Here’s an interesting side-by-side comparison of the interiors of China’s Tiangong space station vs the International Space Station (ISS). Tiangong looks way futuristic, that’ what actually future space stations look like in science-fiction movies. The good, old ISS clearly shows its age.
Tiangong space station
Currently, under construction as of February 2022, the Tiangong space station is in low Earth orbit between 340 and 450 km (210 and 280 mi) above the surface. It is China’s first long-term space station. Once completed, it will have a mass between 80 and 100 tonnes (180,000 and 220,000 lb), roughly one-fifth the mass of the International Space Station and about the size of the decommissioned Russian Mir space station.
The Chinese government is planning to complete the Tiangong space station by the end of 2022.
Its interior will look way more futuristic than the ISS’, but that’s not the only difference. Other major differences include:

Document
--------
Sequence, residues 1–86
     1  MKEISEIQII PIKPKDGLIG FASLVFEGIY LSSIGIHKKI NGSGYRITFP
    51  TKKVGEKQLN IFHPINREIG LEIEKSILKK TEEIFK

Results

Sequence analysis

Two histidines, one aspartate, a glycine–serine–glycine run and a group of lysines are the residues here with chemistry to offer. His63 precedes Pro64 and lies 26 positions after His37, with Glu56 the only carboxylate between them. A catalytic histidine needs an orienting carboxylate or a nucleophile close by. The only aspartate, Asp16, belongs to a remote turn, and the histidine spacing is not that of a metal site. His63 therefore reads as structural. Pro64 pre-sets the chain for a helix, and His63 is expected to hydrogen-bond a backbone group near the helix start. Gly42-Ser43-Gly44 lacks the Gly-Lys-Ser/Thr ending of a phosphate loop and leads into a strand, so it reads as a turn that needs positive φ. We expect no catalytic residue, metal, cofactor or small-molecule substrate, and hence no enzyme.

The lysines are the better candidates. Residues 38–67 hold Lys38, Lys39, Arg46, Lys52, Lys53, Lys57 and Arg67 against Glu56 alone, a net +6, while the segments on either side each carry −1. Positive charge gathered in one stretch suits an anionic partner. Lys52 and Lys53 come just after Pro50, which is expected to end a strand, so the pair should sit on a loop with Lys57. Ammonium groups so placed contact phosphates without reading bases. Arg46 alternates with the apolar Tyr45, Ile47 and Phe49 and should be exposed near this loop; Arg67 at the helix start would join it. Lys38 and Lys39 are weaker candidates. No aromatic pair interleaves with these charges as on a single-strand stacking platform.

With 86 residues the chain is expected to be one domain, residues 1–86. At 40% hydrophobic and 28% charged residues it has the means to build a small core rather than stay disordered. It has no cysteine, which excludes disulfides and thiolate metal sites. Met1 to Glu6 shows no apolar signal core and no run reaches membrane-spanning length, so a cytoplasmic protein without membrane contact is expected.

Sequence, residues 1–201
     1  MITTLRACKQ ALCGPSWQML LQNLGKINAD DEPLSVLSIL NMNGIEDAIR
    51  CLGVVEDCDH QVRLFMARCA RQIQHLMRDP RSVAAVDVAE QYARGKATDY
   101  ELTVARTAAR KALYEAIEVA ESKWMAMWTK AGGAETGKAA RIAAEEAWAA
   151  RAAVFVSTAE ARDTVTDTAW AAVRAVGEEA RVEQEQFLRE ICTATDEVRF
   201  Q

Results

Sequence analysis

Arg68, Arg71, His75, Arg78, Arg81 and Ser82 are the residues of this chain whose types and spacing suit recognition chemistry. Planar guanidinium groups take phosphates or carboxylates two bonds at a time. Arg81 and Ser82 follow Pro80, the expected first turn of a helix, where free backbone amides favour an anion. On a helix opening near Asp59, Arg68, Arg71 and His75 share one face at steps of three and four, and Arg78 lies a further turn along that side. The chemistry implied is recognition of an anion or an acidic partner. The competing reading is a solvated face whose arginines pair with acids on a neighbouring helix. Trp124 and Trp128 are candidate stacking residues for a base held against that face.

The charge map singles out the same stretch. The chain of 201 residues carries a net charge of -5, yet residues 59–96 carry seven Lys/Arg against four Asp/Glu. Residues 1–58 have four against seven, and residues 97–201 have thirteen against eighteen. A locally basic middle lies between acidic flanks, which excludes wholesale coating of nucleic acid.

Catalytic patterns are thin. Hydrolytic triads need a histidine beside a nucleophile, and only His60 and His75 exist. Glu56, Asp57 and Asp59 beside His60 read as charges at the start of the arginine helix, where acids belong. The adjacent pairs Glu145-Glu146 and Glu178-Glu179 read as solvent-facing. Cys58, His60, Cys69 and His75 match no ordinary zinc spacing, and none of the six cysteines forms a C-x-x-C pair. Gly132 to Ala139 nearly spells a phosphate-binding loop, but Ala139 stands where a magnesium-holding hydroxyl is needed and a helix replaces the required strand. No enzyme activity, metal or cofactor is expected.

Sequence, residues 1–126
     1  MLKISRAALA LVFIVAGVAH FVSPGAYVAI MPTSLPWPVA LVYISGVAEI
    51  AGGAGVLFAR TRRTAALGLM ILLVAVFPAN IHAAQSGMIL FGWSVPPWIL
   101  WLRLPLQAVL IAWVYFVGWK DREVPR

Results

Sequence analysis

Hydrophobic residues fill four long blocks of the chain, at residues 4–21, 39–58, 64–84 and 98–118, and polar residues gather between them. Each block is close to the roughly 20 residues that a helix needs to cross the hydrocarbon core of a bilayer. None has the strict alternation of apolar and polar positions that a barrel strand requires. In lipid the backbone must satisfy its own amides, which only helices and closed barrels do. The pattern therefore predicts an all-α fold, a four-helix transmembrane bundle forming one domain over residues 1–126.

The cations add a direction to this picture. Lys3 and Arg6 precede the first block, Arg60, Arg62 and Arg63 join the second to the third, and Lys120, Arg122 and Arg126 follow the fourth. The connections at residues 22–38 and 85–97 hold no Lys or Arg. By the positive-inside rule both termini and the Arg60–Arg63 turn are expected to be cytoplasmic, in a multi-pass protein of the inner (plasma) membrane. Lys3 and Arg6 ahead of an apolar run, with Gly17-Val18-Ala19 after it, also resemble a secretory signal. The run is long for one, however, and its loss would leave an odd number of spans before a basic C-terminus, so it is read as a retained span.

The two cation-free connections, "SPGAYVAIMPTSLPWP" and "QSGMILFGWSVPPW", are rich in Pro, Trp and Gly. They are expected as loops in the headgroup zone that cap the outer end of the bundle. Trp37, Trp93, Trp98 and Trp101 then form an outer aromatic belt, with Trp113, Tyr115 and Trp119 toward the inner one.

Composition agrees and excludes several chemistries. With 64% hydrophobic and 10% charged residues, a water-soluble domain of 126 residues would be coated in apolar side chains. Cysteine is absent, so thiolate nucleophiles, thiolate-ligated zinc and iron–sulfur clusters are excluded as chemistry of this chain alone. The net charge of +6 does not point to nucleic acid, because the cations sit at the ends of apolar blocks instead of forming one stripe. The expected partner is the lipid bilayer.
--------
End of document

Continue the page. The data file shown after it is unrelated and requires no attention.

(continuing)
- Tiangong (which means “Heavenly Palace”) will be much smaller than the International Space Station (ISS). It will have only three modules compared with 16 modules on the ISS. The three modules of Tiangong are:
- Tianhe core module
- Wentian Laboratory Cabin Module
- Mengtian Laboratory Cabin Module
- The Chinese space station will also be lighter than the ISS – it will be about between 80 and 100 tonnes in weight. The ISS weighs about 400 tons (450 metric tons) following the recent addition of Russia’s Nauka module.